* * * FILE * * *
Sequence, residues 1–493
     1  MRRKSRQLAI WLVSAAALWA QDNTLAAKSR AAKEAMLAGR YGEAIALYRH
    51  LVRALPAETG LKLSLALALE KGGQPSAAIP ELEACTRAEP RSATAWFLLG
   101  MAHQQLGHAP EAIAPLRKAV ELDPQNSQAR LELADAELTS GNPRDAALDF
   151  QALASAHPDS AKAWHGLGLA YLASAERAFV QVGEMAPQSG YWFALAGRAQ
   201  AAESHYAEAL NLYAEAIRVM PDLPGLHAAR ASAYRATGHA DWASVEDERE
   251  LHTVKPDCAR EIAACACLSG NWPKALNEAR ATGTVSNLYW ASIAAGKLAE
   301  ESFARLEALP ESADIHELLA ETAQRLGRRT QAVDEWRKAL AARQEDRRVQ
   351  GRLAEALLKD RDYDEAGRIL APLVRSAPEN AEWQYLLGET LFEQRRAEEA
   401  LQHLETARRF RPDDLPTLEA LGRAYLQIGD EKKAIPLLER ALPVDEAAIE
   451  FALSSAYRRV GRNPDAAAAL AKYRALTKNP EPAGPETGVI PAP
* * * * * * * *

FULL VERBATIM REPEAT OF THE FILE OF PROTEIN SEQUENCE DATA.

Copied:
Sequence, residues 1–493
     1  MRRKSRQLAI WLVSAAALWA QDNTLAAKSR AAKEAMLAGR YGEAIALYRH
    51  LVRALPAETG LKLSLALALE KGGQPSAAIP ELEACTRAEP RSATAWFLLG
   101  MAHQQLGHAP EAIAPLRKAV ELDPQNSQAR LELADAELTS GNPRDAALDF
   151  QALASAHPDS AKAWHGLGLA YLASAERAFV QVGEMAPQSG YWFALAGRAQ
   201  AAESHYAEAL NLYAEAIRVM PDLPGLHAAR ASAYRATGHA DWASVEDERE
   251  LHTVKPDCAR EIAACACLSG NWPKALNEAR ATGTVSNLYW ASIAAGKLAE
   301  ESFARLEALP ESADIHELLA ETAQRLGRRT QAVDEWRKAL AARQEDRRVQ
   351  GRLAEALLKD RDYDEAGRIL APLVRSAPEN AEWQYLLGET LFEQRRAEEA
   401  LQHLETARRF RPDDLPTLEA LGRAYLQIGD EKKAIPLLER ALPVDEAAIE
   451  FALSSAYRRV GRNPDAAAAL AKYRALTKNP EPAGPETGVI PAP